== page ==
…smacks of corruption threaten total shutdown
BILLY NTAOTE and MPHO THAA THAA
A drive for the renaissance of Cooperatives in Lesotho is under threat as one erstwhile success story Cooperative battles to shake-off its dark past riddled with mismanaged funds and corruption that drove it into near collapse.
Co-op Lesotho, known to have been the mother-body to various start-up Cooperatives in the country has moved from a bungled liquidation process early 2000 to joining the rebirth of Cooperatives in 2006, but a renaissance process that has dragged for more than a decade but continues to be marred by the Cooperative’s past misfortunes.
Cooperatives have a long history in countries in Africa, including Lesotho and have experienced periods of decline and success and in many countries, Cooperatives were abandoned by the state during structural adjustment, and many disintegrated, however, Cooperatives are now experiencing a renaissance.
And several studies indicate that, through Cooperatives, people can address multiple aspects of poverty, job creation, access to education, links to networks and participation in the community.
Key challenges that dogged the Co-op Lesotho started with a rebirth process that the MNN Centre for Investigative Journalism has established was led by the Ministry of Trade, Industry, Cooperatives and Marketing officials seconded to the Cooperative in 2006.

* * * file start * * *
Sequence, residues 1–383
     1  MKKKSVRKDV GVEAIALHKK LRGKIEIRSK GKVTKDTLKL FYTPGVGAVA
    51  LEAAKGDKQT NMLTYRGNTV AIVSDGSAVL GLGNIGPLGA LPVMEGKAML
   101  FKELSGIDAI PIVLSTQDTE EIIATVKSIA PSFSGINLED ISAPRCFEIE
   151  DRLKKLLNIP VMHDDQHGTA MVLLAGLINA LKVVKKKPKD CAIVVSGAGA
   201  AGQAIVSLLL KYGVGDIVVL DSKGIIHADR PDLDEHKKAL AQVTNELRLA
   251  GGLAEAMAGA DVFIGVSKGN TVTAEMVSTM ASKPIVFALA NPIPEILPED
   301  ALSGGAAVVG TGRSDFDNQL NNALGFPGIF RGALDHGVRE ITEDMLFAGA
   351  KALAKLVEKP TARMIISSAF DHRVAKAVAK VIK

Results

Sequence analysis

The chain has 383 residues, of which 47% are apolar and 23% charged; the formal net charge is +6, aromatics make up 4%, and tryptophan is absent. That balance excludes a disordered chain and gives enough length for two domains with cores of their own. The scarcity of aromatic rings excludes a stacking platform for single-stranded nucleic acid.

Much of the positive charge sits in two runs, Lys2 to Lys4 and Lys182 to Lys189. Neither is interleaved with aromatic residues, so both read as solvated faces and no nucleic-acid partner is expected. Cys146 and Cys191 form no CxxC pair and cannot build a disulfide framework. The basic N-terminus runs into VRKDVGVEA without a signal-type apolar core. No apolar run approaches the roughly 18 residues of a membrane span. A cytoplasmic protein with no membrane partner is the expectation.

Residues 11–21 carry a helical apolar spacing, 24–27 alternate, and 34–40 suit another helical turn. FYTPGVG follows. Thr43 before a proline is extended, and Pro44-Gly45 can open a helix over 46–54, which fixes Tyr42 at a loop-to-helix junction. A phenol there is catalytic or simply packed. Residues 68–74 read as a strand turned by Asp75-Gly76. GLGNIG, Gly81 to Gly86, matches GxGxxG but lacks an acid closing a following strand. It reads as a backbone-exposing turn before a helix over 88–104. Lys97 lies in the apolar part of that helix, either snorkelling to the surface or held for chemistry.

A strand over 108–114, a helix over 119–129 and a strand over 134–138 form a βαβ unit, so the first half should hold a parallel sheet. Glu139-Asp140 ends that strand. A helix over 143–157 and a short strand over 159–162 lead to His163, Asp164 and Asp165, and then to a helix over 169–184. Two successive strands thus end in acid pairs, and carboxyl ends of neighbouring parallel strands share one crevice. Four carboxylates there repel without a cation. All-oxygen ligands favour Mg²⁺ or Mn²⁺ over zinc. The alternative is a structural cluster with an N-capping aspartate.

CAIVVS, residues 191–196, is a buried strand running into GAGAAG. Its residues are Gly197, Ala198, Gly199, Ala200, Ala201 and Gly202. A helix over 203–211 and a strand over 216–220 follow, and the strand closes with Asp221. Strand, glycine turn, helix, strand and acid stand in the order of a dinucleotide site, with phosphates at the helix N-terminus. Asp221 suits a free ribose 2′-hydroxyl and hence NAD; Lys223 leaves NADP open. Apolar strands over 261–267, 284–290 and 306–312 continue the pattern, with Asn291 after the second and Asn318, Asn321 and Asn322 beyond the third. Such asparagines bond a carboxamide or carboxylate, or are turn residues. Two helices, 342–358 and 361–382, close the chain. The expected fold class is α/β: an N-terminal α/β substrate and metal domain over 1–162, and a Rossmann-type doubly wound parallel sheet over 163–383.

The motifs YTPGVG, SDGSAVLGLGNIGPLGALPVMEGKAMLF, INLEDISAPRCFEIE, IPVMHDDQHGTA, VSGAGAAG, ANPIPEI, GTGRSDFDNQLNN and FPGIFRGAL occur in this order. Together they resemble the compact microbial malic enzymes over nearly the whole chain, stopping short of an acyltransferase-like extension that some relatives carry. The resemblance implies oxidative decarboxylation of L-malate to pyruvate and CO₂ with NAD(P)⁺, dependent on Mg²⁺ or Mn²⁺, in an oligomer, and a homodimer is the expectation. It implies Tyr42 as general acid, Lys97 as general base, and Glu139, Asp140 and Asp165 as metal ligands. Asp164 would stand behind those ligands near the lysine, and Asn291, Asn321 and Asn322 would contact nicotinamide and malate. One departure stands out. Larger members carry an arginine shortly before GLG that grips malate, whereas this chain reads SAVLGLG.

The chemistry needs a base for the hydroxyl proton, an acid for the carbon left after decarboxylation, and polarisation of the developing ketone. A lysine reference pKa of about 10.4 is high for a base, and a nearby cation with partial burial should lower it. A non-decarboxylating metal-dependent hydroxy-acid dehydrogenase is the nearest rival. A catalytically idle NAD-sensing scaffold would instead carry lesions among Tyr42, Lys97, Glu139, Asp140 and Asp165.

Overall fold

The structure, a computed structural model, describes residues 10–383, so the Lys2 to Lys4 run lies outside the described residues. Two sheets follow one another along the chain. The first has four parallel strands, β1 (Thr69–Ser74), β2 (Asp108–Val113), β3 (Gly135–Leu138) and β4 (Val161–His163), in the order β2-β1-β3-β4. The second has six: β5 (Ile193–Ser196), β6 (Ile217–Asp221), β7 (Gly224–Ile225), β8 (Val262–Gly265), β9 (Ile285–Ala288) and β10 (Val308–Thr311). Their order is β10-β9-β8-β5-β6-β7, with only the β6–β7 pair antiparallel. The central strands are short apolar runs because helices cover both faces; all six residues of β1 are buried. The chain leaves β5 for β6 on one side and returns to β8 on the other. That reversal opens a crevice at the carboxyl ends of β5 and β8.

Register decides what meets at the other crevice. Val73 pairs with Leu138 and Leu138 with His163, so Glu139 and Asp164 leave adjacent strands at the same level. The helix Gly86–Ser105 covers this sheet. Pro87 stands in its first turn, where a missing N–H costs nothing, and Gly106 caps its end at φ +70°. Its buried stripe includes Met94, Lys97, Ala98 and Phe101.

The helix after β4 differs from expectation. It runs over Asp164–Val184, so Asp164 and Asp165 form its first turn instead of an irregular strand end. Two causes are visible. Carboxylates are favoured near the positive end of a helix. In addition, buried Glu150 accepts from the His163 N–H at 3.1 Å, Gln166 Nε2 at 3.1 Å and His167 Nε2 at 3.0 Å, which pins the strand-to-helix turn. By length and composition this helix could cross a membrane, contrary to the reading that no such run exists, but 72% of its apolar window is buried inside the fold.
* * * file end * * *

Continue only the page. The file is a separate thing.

Now, the Cooperative under a new Chief Executive Officer Neo Theoha continues to struggle to find its footing as new initiatives are under threat due to suspicions of corruption and maladministration.
The Centre in an interview with the Commissioner of Cooperatives ‘Maphamoli Lekoetje, responsible for the regulation of Cooperatives, said she has learned that under Theoha’s leadership, Co-op Lesotho has illegally disposed of about seven of its sites.
“I received inside information from some Co-op Lesotho employees who went to my house to update me with documents that about seven sites have been illegally sold.
“When I learned that Co-op Lesotho was being renovated, I inquired if there was any agreement with the board regarding developments being made on the buildings and I was told everything was in order,” said Lekoetje.
But Lekotje suspects Theoha since his appointment, he has been misappropriating the Cooperative’s resources.
She said this, prompted her to request that she be showed minutes of the board agreeing to the disposal and developments being made on the sites of the Cooperative by a private developer.
She said she also requested to be given a copy of the actual contract between the developers and the Cooperative but she argues her request has not been replied to since October 2017 when the developments commenced.
Lekoetje said following the discovery of suspected abuse of resources by Theoha, an Interim Committee appointed by the Cooperative’s membership to investigate and advise the cooperative on development of its sites and properties, a report was released in July 2018.
This interim committee made a damning report against Theoha’s conduct.
It details how Theoha with the help of Harley and Morris, the trustee of the estate of the Old Lesotho Bank, secured a property developer named Best Deal Investments (PTY) Ltd to develop prime land belonging to the Cooperative and also repay a debt close to M4 million with the Lesotho Bank.